By Ryan Pike
Education in Alberta has taken a bit of a dive in recent years. Funding has been cut and, as a result, budgets have been trimmed. The latest casualties are the written portions of math and science diploma exams. Now, aspiring university scientists and mathematicians will merely need to guess and get a good grade.
If anything, a different tact should be taken. Sure, government coffers are tight. However, imagine a world where every single student in Alberta must know how to balance chemical equations, plug away at long division and write eloquent essays about Shakespeare in order to progress. Students in diploma-level courses should have more than a basic working knowledge of their subject to do well. Requiring them to choose between four options at every juncture is too easy and doesn’t allow them to exhibit any real grasp of the coursework. The province should swing the pendulum back the other way and eliminate multiple choice, keeping the written portion.
Axing the multiple choice portion of the exam saves a bit of money, but by making the exams slightly shorter and more comprehensive, Alberta’s high school students will be pushed just enough to figure out who can hack it and who can’t. Removing the possibility of guessing your way to a diploma will actually make completing high school worthwhile, rather than just a formality on the road to “real” education. Heck, at least this way students will be more prepared when they hit the rigors of university.
While expanding written portions and eliminating multiple choice exams will undoubtedly have some associated costs, the benefits will eventually be plentiful. Written exams for all subjects will lead to a smarter crop of high school graduates moving onto universities or the workforce. Smarter workers and students will lead to a more innovative, efficient Alberta. A more innovative and efficient Alberta will, in turn, produce more economic surplus and provide more tax revenue for the province. By simply cutting out multiple choice exams, the provincial government can further cement Alberta’s placement as an economic powerhouse.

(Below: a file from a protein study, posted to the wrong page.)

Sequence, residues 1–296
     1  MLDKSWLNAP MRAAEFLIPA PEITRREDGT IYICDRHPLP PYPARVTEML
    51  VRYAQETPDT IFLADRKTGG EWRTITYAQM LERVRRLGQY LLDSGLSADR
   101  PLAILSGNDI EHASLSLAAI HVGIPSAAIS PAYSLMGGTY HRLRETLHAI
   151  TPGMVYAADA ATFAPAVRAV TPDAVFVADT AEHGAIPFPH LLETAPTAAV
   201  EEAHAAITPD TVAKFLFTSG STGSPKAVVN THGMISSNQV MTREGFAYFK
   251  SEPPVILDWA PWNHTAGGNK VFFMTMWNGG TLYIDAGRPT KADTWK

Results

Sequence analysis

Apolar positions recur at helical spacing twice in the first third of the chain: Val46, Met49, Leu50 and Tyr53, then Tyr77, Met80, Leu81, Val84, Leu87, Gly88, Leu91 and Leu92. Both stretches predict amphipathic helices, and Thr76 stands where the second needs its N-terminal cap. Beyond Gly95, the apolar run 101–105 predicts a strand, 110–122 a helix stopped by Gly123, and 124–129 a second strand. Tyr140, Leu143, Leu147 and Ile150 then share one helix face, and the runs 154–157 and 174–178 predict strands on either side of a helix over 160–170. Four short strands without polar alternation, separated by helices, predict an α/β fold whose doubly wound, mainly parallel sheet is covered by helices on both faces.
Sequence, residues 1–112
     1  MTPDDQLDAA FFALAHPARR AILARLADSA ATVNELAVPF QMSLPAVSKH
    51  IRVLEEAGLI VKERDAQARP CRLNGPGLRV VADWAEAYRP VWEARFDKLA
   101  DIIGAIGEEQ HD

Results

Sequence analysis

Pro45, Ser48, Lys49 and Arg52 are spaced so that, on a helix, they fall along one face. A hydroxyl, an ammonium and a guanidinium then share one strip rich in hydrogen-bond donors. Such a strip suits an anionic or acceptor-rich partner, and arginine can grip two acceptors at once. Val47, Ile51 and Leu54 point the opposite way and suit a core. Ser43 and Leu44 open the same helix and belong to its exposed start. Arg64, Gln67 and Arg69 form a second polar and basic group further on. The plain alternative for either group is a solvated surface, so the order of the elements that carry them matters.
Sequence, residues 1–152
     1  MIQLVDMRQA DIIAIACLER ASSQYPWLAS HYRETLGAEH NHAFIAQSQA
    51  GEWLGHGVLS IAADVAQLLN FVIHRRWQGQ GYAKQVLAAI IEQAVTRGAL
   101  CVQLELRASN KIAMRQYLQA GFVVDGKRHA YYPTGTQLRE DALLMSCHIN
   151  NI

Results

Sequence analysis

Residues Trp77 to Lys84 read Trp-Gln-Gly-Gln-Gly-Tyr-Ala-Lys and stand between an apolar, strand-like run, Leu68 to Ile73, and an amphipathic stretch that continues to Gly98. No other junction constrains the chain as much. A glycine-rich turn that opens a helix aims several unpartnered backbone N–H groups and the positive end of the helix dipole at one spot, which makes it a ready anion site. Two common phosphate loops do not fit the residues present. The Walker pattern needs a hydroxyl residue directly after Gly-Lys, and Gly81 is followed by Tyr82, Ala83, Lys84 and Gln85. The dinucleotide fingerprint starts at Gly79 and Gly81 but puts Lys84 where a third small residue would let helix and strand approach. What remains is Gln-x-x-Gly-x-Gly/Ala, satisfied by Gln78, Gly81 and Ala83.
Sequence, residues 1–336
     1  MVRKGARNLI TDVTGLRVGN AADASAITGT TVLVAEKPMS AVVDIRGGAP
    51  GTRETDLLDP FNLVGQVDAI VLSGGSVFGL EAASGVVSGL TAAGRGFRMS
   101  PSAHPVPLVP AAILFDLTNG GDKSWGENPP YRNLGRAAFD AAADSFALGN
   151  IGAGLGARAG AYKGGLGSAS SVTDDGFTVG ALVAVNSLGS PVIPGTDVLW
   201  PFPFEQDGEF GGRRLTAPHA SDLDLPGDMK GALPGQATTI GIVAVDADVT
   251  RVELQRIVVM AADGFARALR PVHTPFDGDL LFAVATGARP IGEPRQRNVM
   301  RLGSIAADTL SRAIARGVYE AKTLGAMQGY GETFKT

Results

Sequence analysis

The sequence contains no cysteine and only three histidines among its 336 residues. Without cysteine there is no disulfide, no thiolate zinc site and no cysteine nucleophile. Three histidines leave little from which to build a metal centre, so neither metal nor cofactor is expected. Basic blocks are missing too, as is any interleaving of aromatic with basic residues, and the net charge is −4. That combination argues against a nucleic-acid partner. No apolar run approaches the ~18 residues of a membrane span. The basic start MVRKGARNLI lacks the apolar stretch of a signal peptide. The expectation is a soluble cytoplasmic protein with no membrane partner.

With their latest move, the provincial government has got it wrong. Making exams shorter and easier saves money, but makes students stupider and reliant on luck. A society filled with lucky idiots won’t have economic growth because nobody will know how to do anything. If the province wants long-term results, they should axe the multiple choice portion of the exams and commit to a future of brighter, smarter Albertans — albeit Albertans with hand cramps from writing so damn much.
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